Presentation Details

The Second International Conference on New Directions in the Humanities

Culture and Conflict: Rethinking the Theory and Practice of Ethnic and Indigenous Conflict and Conflict Management

Dr Mary Edmunds, Dr Patrick Sullivan, Toni Bauman, Michael Bissell, Prof Mick Dodson.

This colloquium explores the causes and management of ethnically defined conflict from the point of view of anthropologists and other stakeholders working in Australian indigenous affairs. Anthropology contributes to the critical humanities through its potential for insights into ethnic and indigenous conflict, yet historically it has occupied an uncomfortable position between the objectification and glorification of culture and the critique of expressions of national and ethnic identity and difference. Anthropology, and perhaps the humanities in general, tend to privilege the idea of ‘a culture’, being a set of social relations occurring within assumed boundaries - spatial, temporal, behavioural, ethical, symbolic. Yet, when this bounded culture expresses its own self-consciousness as ethnic or nationalist ideology, the discipline is uncomfortable with the results of its own privileging. Paradoxically, the human disciplines lead us to be sceptical of essentialist expressions of ethnic or indigenous origins or definitions and the unexamined right of 'culture' to its self-governance at the same time as we bring such cultures into existence by our theorising. Defining a group by its essential difference also establishes its Others and so it lies at the heart of many cultural or so-called ethnic conflicts. A third result is the need to conceptualise interstitial, hybrid or borderland experiences that owe their explanatory power entirely to the prior conceptualising of unitary and pure 'cultures'. However once the idea of boundary is problematised, there begins a fatal calling in question of the bounded 'entities' themselves.

This panel contribution will look at approaches to conflict management through the negotiation of indigenous/non-indigenous ethnicities. It will examine the causes of inter-ethnic conflict and, through questioning the nature of the conflicting actors themselves, reconceptualise both its trajectory and its desirable end. Conflict, in this view, is no longer conceived as arising out of the difference between certain categories of social beings and therefore tending towards a negotiated and static pact of compromised rights. The difference that gives rise to conflict is itself mutable, negotiable and contextual, integrated in the many ambiguities of ordinary existence. Conflict is a matter for continuing management rather than a problem to be wrestled into a submission that cannot last. The inequities underlying the various struggles for well-being which are now articulated in terms of cultural rights do not disappear by questioning the existence of cultures, but they do need to be advanced by new explanatory vehicles, modes of expression, and methods of recognition. In exploring such new approaches, the discussion will also raise questions about the conceptualisation of new directions in the humanities.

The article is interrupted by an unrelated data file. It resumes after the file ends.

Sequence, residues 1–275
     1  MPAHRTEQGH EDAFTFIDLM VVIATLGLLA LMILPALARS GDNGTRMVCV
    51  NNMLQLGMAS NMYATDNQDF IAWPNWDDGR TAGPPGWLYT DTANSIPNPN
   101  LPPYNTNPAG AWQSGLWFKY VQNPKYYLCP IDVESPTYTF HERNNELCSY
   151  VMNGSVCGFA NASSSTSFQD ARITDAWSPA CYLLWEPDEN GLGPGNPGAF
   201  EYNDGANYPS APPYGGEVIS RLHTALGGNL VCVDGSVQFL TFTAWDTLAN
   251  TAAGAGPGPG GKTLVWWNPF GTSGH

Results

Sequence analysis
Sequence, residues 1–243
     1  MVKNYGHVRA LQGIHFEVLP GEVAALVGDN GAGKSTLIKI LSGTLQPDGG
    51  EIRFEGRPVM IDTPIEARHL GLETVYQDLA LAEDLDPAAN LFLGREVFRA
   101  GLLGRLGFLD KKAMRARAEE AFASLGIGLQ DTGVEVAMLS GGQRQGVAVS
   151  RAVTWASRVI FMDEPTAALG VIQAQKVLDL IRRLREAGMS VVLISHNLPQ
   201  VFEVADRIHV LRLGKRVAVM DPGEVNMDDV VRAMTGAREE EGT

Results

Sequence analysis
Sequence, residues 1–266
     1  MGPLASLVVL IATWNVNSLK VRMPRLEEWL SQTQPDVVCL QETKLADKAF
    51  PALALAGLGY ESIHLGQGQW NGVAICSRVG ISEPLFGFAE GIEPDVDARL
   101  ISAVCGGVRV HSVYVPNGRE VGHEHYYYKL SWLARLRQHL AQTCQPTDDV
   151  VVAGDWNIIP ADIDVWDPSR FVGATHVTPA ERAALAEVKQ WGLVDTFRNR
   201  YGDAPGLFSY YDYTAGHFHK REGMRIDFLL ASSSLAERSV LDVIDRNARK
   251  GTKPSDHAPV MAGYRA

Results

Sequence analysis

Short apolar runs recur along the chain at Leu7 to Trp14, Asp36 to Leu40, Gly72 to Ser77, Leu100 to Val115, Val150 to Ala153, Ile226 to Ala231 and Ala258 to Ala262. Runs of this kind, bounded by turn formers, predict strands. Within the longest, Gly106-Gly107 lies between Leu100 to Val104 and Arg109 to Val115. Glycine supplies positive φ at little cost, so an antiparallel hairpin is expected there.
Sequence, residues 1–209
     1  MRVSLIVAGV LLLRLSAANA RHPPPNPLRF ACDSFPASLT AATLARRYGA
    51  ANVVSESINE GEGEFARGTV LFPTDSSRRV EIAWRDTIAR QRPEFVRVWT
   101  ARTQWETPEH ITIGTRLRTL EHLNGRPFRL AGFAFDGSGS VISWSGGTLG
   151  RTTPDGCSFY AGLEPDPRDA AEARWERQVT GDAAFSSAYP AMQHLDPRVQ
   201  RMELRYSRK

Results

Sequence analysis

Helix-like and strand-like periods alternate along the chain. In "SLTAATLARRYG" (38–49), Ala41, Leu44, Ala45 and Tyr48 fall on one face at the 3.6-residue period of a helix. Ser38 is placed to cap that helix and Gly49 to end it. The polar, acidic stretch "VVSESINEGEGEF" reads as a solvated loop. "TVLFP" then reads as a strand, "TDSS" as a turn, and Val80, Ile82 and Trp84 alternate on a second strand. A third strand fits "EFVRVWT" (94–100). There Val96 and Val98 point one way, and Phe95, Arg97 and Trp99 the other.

Dr Mary Edmunds  (Australia)
The Centre for Cross Cultural Research
Australian National University

(Colloquium Chair) Dr Mary Edmunds is a social anthropologist, with fieldwork experience in Indigenous Australia - particularly in native title - South-east Asia, and the Mediterranean.

Dr Patrick Sullivan  (Australia)

Australian Institute of Aboriginal and Torres Strait Islander Studies

Toni Bauman  (Australia)

Australian Institute of Aboriginal and Torres Strait Islander Studies

Michael Bissell  (Australia)

Minerals Council of Australia

Prof Mick Dodson  (Australia)

Australian Institute of Aboriginal & Torres Strait Islander Studies

  • Culture
  • Ethnicity
  • Conflict
  • Indigenous
  • Boundaries
  • Mediation and facilitation

(90 min. Colloquium, English)